Informative, Opinionated, Interesting.
His use of inconsistent accents was distracting. I have listened to espionage thrillers that require the narrator to use several different accents consistently and those narrators seem to do better in that regard. He seemed to sometimes default to a French accent when quoting Russian, British, and German principals much of the time. Each of these nationalities has their own distinct accent.
The French general who knew that he was getting poor intelligence from French HQ and was forced into a retreat against orders was moving. He did what he had to do and was correct in most cases, but became overcautious later due to distrust of French HQ and the BEF and was forced out.
The author did a wonderful job of describing the foibles of the men in the high political and military command of the principle countries. She demonstrated how their mistakes led to the long, drawn out affair that WWI became and to some extent how the poor treatment of Germany following Allied victory resulted from their own treatment of civilians in the war. Some of their actions were not that much different than events that would occur thirty years later in the Holocaust. Obviously the German government learned nothing about how actions like this could rally the world against them while they were designed to quell unrest in conquered areas. Her sources obviously shared no lost love with the CinC of the BEF as he was portrayed as a soldier who was unreliable to his allies and too concerned with protecting his own career and people at the cost of other commands. Nobody else was portrayed to that extent in that light.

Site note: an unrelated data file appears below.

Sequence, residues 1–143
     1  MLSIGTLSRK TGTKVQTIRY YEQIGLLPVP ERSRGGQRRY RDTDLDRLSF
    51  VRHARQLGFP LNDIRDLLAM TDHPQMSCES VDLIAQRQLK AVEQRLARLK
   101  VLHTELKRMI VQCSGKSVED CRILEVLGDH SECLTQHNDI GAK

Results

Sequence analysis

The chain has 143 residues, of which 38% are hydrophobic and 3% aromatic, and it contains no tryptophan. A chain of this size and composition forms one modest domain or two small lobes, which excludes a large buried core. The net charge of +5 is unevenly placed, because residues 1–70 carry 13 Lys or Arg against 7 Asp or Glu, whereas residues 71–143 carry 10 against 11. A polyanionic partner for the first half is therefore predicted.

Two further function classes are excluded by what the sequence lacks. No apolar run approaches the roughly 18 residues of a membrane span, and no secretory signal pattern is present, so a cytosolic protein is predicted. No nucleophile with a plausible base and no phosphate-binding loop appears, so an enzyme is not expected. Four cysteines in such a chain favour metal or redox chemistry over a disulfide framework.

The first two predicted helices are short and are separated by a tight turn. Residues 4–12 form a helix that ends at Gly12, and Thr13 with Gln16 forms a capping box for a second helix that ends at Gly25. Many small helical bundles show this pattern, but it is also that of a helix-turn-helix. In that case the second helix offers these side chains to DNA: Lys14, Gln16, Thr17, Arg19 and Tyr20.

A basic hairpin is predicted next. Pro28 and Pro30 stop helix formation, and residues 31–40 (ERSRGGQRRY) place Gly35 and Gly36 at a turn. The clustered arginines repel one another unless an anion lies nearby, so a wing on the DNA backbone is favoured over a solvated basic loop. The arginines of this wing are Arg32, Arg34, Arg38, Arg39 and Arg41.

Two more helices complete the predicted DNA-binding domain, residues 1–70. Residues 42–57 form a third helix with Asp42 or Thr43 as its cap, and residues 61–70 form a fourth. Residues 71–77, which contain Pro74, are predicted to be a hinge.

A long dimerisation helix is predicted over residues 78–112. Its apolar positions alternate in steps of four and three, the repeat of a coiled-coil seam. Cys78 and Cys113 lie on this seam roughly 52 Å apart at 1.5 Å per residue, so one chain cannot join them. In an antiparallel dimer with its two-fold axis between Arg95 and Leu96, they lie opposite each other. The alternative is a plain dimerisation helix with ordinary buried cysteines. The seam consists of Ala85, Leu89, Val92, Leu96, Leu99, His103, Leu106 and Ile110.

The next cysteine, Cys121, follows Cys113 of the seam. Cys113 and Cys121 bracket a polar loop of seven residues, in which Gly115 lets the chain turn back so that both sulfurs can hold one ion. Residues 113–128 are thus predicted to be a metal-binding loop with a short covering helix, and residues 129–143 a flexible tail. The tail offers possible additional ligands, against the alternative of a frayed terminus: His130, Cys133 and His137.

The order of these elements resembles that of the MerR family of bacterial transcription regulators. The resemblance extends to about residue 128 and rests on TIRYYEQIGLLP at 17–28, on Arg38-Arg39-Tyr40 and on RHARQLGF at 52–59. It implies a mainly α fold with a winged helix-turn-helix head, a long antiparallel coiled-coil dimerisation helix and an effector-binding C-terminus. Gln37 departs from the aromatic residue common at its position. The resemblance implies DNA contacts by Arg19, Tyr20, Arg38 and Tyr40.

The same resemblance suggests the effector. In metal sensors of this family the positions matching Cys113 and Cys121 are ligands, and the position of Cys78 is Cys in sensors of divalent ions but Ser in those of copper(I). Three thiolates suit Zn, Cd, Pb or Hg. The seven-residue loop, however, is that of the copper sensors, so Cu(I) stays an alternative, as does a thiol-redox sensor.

She also had an annoying habit for audiobook of using French and German phrases without providing any kind of translation and then continuing with her story as though all of the readers understood that phase.
I have never read the print version.
It was actually interesting to see how Michael Connelly could fit plot twists into such short stories. Some twists are predictable to me now as I am used to Connelly's thinking, but they are still enjoyable.
My favorite was the Christmas story at the beginning with the jazz guy. It was interesting that the murder in the story was really a sideline to the actual human side of the story.
To avoid spoiler alerts, I will not comment much on the other two stories.
I am fan of any of Michael Connelly's characters and the way that he grows them. Harry Bosch has grown over the years into a better and less bitter person while still being the hard-core homicide detective that makes him great. He makes mistakes and makes amends for them. These stories are really about the characters.
I can't say it any more simply than his voice to me is Harry Bosch in his later and slightly softer years. The inflections show Bosch's contempt for some people while not making him into someone too harsh to like.
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